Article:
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Two-minute drill: Trustworthy receivers, special tailbacks, more

A few quick reads of interest:

Marc Weiszer of the Athens Banner-Herald talks with UGA receivers coach Tony Ball about how deep the Dogs will go into their corps of six scholarship wide receivers this season. “If you only have two that you trust, you’re only going to play two,” Ball says. “If you have four that you can trust, you’re going to play that four. … You’re going to play players that can help you win. How many is that? You don’t know that until you get going here and see who’s productive and who knows what they’re doing and who you can trust?” He knows one thing, though. Freshmen Marlon Brown and Rantavious Wooten won’t be redshirted because of the lack of depth. “We don’t have a choice,” Ball says. “We can’t get hurt. Simple.” …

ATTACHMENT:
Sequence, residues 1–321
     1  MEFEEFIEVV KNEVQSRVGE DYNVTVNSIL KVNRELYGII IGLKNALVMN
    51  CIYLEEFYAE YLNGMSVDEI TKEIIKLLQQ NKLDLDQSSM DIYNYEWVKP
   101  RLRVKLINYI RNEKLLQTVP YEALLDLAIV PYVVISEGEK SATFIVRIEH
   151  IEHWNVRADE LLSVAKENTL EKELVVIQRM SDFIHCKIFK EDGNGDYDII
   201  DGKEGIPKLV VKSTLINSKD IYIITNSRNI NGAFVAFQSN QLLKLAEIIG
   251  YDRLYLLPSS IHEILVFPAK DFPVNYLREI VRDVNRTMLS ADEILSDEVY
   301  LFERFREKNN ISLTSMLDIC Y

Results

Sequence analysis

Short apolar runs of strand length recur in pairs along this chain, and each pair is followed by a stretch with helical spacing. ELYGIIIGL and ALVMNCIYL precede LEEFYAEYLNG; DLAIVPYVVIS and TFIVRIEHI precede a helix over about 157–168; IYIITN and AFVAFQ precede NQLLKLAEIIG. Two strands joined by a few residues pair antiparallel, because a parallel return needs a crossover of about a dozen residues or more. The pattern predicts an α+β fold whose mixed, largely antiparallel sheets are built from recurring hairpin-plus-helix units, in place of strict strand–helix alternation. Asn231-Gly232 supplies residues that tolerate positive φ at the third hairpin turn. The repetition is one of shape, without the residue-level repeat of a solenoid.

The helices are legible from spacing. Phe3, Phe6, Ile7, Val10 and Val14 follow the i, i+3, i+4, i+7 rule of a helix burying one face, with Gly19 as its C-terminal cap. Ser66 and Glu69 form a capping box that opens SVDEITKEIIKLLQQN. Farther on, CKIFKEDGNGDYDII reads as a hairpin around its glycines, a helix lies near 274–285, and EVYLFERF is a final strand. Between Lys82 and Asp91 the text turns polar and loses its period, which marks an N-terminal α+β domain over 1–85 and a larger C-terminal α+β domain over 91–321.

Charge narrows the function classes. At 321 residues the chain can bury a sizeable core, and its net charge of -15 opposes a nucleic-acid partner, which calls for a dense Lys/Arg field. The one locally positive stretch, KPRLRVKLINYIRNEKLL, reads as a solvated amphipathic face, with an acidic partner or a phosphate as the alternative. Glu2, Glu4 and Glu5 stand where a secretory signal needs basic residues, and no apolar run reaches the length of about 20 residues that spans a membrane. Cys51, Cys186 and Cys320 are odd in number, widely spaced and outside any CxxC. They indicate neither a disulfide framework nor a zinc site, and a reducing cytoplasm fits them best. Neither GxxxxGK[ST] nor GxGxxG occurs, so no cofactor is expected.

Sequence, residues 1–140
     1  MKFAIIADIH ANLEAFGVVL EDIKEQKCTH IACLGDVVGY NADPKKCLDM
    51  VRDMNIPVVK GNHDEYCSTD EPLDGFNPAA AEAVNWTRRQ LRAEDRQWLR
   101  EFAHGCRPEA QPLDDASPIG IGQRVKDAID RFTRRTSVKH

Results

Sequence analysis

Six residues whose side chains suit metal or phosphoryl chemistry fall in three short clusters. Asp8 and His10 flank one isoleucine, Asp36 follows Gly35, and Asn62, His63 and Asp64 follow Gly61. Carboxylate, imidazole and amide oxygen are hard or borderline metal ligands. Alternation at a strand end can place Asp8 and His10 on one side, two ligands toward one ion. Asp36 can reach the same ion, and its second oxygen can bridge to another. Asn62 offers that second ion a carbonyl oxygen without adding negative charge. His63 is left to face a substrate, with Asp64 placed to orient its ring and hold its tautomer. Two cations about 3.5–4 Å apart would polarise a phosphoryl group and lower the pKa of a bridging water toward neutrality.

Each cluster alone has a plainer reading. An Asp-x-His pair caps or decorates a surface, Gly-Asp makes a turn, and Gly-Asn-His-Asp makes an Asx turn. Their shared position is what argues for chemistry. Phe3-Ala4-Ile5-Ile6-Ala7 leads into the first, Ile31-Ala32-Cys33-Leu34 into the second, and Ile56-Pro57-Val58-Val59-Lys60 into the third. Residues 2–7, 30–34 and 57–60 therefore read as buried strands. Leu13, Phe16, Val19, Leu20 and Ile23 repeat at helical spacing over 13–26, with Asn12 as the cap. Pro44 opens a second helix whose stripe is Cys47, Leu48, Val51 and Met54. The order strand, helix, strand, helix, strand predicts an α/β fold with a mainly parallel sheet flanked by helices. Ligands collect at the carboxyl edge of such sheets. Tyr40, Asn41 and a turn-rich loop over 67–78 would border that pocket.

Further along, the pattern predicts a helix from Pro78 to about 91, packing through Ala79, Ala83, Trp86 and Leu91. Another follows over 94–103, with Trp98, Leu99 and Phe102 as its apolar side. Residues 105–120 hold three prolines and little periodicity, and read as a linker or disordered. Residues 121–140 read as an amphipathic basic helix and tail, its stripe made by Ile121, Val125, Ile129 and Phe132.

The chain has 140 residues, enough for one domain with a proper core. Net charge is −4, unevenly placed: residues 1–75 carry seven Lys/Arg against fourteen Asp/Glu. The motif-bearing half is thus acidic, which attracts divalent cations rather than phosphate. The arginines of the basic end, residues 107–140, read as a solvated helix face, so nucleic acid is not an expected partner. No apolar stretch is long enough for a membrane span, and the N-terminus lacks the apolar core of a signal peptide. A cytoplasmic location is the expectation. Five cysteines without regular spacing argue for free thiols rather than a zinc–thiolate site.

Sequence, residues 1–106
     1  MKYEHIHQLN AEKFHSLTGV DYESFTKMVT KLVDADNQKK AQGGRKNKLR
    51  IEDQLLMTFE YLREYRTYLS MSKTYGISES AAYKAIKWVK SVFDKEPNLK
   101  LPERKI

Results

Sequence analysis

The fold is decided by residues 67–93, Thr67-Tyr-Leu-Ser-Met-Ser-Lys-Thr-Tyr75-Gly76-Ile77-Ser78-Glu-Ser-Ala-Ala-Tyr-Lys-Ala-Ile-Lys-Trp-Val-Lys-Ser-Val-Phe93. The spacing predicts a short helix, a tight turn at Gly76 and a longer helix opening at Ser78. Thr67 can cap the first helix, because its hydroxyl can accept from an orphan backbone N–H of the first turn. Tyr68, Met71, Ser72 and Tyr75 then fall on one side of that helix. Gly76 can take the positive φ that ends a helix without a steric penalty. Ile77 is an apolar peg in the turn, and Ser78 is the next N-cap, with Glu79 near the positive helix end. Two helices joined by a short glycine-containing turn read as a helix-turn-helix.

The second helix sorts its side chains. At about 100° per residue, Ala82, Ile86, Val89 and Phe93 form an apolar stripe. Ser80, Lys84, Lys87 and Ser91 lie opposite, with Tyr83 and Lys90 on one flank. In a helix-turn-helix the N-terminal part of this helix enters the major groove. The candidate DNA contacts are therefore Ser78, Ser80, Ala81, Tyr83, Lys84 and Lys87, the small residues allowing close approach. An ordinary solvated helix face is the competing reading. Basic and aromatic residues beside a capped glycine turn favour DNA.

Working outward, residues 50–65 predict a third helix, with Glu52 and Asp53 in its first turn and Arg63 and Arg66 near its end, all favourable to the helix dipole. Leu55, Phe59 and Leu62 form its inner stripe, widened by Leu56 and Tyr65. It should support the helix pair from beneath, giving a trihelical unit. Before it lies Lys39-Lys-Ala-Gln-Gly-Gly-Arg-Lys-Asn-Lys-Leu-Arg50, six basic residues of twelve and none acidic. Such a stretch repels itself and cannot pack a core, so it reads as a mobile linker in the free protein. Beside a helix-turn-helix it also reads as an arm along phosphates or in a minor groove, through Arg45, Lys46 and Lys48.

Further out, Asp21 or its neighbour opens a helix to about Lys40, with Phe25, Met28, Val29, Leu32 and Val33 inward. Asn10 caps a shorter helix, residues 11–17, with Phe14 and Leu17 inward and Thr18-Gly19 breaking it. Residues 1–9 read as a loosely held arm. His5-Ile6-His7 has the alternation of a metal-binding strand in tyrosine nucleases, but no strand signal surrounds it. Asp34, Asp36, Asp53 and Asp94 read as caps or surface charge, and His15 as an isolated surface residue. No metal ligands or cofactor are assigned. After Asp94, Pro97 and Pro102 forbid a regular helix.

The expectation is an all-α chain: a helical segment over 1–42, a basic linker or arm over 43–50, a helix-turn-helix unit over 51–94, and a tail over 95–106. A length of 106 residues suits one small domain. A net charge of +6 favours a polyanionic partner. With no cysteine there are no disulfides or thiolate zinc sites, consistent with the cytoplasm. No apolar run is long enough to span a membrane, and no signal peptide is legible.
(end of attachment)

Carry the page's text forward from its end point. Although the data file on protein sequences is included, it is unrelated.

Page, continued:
Rex Robinson may have been a kicker, but he knows a great running back when he sees one, having been on the 1980 Dawgs. Assessing UGA’s current group of tailbacks, he thinks “it’s sometimes the almost …

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Stafford on ‘fast track’ with Lions?

While some UGA fans still hold a grudge against Matthew Stafford for a) leaving school early and b) not winning any championship while he was in Athens, most Dog fans are still rooting for him to succeed in the NFL, just as they do for the many other former Bulldogs playing in the pro ranks.

So for those who’d like an encouraging word about Stafford, columnist Tom Kowalski of Booth Newspapers’ in Michigan says Stafford is on the “fast track” to become the Detroit Lions’ starting quarterback when the season opens Sept. 13, despite Lions head coach Jim Schwartz’s warnings that Stafford still has a lot to learn.